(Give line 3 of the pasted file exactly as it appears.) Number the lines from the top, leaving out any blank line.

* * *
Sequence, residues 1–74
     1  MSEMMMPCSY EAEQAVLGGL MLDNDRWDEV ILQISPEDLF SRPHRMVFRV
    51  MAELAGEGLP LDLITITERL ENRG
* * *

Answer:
    51  MAELAGEGLP LDLITITERL ENRG